c. number of oxygen molecules foudn in plasma NOT bound to Hb
d. none of the above
A
arterial oxygen content (CaO2) is:

a. amount of free oxygen dissolved in plasma
b. amount of oxygen bound to Hb AND oxygen dissolved in plasma
c. amount of oxygen bound to Hb only
d. none of the above
B
partial pressure of oxygen (PaO2) is:

a. oxygen molecules found in alveolar spaces
b. oxygen molecules dissolved in plasma AND bound to Hb
c. oxygen molecules dissolved in plasma and NOT bound to Hb
d. none of the above
C.
SaO2 > ___% is usually ok!
90%
arterial oxygen saturation (SaO2) is:

a. % heme binding sites saturated with oxygen
b. number of oxygen molecules found in plasma AND bound to Hb
c. number of oxygen molecules foudn in plasma NOT bound to Hb
d. none of the above
A
what is the cut off for O2 sat, where below it, you need to calculate the blood gas (measure PaCO2 and PaO2)
below 90%
arterial oxygen content (CaO2) is:

a. amount of free oxygen dissolved in plasma
b. amount of oxygen bound to Hb AND oxygen dissolved in plasma
c. amount of oxygen bound to Hb only
d. none of the above
B
SaO2 > ___% is usually ok!
90%
what is the cut off for O2 sat, where below it, you need to calculate the blood gas (measure PaCO2 and PaO2)
below 90%
which of the following shift the oxygen dissociation curve to the RIGHT:

a. low temperature
b. high pH
c. high pCO2
d. low PaO2
C. (right = think "muscles")
which of the following shifts the oxygen dissociation curve to the LEFT:

a. low temperature
b. high pH
c. high pCO2
d. two of the above (name 'em!)
A, B (left = think "lungs)
define hypoxemia vs. hypoxia
hypoxemia = low oxygen in blood and plasma (low CaO2, PaO2, SaO2)

hypoxia = decreased OXYGEN DELIVERY to the tissues
in cyanide poisoning, are you hypoxic, hypoxemic, or both?
only hypoxic. you'll have normal oxygen in blood and plasma, but hypoxic at the level of the tissues
what two underlying causes could give you hypoxemia but normal A-a difference?
- low oxygen content in atmosphere (aka. low barometric pressure)
- hypoventilation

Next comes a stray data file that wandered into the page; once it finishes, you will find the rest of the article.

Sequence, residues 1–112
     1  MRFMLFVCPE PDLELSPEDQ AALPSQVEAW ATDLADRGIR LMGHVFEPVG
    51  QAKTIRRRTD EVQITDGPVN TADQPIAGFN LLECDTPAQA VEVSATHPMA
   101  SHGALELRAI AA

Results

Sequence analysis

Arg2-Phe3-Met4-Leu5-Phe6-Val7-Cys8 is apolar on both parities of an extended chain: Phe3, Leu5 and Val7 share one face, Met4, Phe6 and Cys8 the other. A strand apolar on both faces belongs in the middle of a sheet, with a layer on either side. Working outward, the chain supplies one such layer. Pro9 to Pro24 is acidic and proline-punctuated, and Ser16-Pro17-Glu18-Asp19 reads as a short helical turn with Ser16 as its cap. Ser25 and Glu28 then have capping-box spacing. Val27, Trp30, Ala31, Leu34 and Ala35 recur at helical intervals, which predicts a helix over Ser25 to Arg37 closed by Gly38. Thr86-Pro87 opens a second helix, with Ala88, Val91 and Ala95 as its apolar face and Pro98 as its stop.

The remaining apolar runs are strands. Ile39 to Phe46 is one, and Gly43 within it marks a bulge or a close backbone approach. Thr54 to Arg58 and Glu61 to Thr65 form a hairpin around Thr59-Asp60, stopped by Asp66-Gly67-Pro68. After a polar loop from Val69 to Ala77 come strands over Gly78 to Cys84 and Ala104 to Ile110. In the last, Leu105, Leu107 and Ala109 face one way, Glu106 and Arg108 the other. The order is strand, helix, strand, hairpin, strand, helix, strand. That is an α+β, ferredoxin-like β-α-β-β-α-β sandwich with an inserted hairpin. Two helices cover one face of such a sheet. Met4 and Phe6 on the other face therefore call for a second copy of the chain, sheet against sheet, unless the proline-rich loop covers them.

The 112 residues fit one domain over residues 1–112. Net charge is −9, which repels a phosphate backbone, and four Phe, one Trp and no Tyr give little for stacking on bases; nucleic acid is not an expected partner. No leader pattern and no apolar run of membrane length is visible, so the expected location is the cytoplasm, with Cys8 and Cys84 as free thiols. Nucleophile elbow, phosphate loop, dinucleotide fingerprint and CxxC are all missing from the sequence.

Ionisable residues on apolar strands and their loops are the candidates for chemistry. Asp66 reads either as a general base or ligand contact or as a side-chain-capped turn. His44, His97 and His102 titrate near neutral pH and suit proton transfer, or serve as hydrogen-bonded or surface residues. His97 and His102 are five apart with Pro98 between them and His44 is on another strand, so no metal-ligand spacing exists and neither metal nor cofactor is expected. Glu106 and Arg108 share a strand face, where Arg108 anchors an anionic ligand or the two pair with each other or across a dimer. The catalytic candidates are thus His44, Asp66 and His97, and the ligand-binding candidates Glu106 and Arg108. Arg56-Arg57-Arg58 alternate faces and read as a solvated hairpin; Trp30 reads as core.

most common cause of hypoxemia
V/Q mismatch
what are 3 main causes of hypoxia?
- hypoxemia (severe anemia, CO intoxication)
- reduced oxygen delivery to tissues (reduced cardiac output)
- reduced tissue oxygen uptake (mitochondrial poisoning, left shift of oxygen dissociation curve)
name the conditions for metabolic acidosis in terms of pH, HCO3, and PaCO2.
dec pH
dec HCO3 (primary)
dec PaCO2 (compensatory)
name the conditions for respiratory alkalosis in terms of pH, HCO3, and PaCO2
inc pH
dec PaCO2 (primary)
dec HCO3 (compensatory)
which acid/base disorder would give you hyperventilation?
metabolic acidosis (to try to decrease PaCO2 as fast as possible to compensate the loss of HCO3 in the blood. this is all, of course, in response to the acidemia that is at the underlying cause)
a pt who is hypoventilating is likely to have which acid/base disorder?
metabolic alkalosis
what two causes can give you metabolic acidosis with a normal anion gap?
diarrhea
renal tubular acidosis

these both willl causes concentration of Cl to be increased to replace HCO3
how do you calculate serum anion gap?

what is its normal value?
Na - (Cl + HCO3)

nl = 12 +/- 4
what does an increased serum anion gap mean?
that the conc of an unmeasured anion (ie. phophate, lactate, etc) is increased to replace HCO3 (as opposed to Cl)
pt with diarrhea will most likely have what kind of acid/base disorder and why? would they have anion gap increased and why?
metabolic acidosis (bc you're losing a lot of bicarb through pooping it all out)

no increase in AG (bc you're compensating this loss with increased conc of Cl)
you find out a pt has metabolic acidosis, whatsyour next step?
calculate anion gap